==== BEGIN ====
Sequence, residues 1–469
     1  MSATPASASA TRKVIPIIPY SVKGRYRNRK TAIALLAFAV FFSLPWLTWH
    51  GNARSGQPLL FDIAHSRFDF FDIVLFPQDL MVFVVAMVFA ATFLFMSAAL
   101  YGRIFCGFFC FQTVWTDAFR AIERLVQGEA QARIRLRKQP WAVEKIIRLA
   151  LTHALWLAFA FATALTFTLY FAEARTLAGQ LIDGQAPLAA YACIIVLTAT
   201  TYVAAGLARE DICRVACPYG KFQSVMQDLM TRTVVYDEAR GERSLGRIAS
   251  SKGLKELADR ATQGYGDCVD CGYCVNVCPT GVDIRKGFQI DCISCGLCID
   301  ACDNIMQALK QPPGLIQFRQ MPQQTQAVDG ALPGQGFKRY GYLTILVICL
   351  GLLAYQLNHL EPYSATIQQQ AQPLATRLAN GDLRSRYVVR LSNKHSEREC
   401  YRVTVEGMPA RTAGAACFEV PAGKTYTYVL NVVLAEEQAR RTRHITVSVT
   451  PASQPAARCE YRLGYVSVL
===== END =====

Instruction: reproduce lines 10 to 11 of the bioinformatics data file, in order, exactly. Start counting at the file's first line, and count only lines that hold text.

   401  YRVTVEGMPA RTAGAACFEV PAGKTYTYVL NVVLAEEQAR RTRHITVSVT
   451  PASQPAARCE YRLGYVSVL